For a land-only camp, you should take a look at Chitabe and Chitabe Trails:

This is one of the few options in the Delta for walking, and you can also sleep out in a hide overnight. The hides offer good places to sit and watch animals during the day as well.

Your itinerary in Botswana might end up looking something like this:

Linyanti x4 (Savuti Camp)
Okavango Delta Camp 1 x4 (Kwetsani)
(KOkavango Delta Camp 2 x4 (Chitabe Trails)
Makgadikgadi x4 (San Camp)

Depending on your flight times, you may need a stopover in Joburg either coming or going from Botswana.

I'll post separately on Namibia later.

jasher is offline  
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Sep 10th, 2006, 12:14 PM
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A few more notes about Botswana:

Charter flights in Botswana have strict luggage weight and size limits. You are limited to 2 soft-sided bags which weigh no more than 20 kg (44lbs) combined (this is for the most generous of the charter companies -- the less generous ones limit you to 12 kg (26 lbs). You can also bring a reasonable amount of camera gear (small backpack or shoulder camera bag). I know you said you like to bring a lot of luggage, but the camps offer a daily laundry service so it's not necessary to bring as much as you might think.

Many camps in Botswana do not have power outlets in individual rooms. However, it is possible to charge digital camera, laptops, etc in the camp office -- though very few people bring laptops with them given the weight restrictions.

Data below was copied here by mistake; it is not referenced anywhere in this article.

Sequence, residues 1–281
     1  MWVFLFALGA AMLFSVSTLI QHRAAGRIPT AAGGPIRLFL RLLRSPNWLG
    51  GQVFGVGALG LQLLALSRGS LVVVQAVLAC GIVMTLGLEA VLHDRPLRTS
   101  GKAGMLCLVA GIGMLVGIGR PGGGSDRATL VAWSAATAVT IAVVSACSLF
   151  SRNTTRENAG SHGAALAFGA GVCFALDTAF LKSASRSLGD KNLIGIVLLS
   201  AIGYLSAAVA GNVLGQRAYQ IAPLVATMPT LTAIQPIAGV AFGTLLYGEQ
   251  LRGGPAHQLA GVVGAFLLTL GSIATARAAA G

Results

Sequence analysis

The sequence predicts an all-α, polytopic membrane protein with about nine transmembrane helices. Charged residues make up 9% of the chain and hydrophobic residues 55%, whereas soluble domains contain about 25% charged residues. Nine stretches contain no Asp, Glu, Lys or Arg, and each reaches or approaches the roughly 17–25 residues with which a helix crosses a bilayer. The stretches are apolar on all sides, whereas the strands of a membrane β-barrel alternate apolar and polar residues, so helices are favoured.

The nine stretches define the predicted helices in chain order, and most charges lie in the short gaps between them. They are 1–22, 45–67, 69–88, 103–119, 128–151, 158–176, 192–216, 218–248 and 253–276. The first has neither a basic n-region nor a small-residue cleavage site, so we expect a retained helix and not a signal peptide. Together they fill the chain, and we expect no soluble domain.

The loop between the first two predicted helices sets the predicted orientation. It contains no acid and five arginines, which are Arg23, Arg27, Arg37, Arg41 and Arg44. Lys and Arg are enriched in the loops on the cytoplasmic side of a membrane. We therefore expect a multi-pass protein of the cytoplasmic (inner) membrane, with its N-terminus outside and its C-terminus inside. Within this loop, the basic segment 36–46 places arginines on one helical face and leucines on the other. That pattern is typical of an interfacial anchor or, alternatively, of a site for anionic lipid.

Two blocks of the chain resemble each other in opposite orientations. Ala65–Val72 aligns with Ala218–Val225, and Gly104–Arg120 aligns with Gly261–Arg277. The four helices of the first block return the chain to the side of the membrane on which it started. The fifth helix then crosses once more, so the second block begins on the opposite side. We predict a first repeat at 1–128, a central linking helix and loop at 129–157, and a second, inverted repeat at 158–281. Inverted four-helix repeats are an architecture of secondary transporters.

It is possible to pay extra for an additional seat and bring your luggage with you, but this will begin to add up with all the transfers.

jasher is offline  
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Sep 10th, 2006, 12:42 PM
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Hello Sylvia,

Now on to Namibia...

Since you love desert scenery, I'd recommend including 3 or 4 nights on the Skeleton Coast. This needs to be done as a fly-in, but offers some truly spectacular scenery in addition to the famous roaring dunes.

With your interest in culture, a visit to Serra Cafema, where you can interact with members of the nomadic Himba tribe, may also be of interest:

Serra Cafema is very remote, so it would be best to fly there. It could quite easily be linked up with the Skeleton Coast.

Etosha is the best area in Namibia for game-viewing. This is definitely a place where you can sit by a waterhole and watch animals come to you. There are private concessions adjacent to the park (similar to the Sabi Sands at Kruger) where you can do off-road driving and night driving, such as the Ongave Reserve:

You can also stay at the national park camps inside the park if you want to save a bit of money on this part of your trip, and drive yourself to the waterholes.

There are a number of options for places to stay in Sossusvlei/Namib Nakluft, most of which are located to the east of the park near the entrance closest to Sossusvlei. The closest lodge to the gate is Kulala Desert Lodge:

There are some campsites in the park but they are very basic.

Note that Wolwedans is so far out that they do not offer excursions to the dunes.

In both Etosha and Sossusvlei you can stay at camps on a self-drive basis (where you drive yourself around) or on a fully-inclusive basis, where you have a professional guide.